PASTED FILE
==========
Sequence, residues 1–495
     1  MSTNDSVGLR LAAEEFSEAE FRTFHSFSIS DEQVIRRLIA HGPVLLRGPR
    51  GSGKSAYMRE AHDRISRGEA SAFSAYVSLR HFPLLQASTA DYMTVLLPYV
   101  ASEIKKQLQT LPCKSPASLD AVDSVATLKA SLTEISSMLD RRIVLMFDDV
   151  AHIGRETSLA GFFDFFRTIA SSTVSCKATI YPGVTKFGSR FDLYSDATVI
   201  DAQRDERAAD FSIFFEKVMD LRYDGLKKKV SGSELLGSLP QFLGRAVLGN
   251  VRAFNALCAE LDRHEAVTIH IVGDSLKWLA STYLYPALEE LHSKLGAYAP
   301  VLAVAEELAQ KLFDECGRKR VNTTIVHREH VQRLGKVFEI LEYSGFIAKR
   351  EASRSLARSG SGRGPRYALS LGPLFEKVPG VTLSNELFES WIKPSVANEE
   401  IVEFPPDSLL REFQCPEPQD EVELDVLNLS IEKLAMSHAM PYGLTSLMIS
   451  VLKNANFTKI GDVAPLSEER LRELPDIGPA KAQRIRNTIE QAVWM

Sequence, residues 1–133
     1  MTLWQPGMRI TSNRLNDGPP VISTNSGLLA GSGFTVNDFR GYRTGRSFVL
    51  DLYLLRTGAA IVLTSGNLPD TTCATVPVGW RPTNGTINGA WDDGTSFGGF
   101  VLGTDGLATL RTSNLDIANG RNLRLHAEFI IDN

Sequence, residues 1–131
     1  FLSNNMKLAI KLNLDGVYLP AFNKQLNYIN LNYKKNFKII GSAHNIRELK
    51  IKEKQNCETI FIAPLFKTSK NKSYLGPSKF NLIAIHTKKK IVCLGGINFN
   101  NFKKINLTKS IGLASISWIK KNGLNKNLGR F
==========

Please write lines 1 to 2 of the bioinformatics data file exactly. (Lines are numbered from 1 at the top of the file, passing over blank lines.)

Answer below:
Sequence, residues 1–495
     1  MSTNDSVGLR LAAEEFSEAE FRTFHSFSIS DEQVIRRLIA HGPVLLRGPR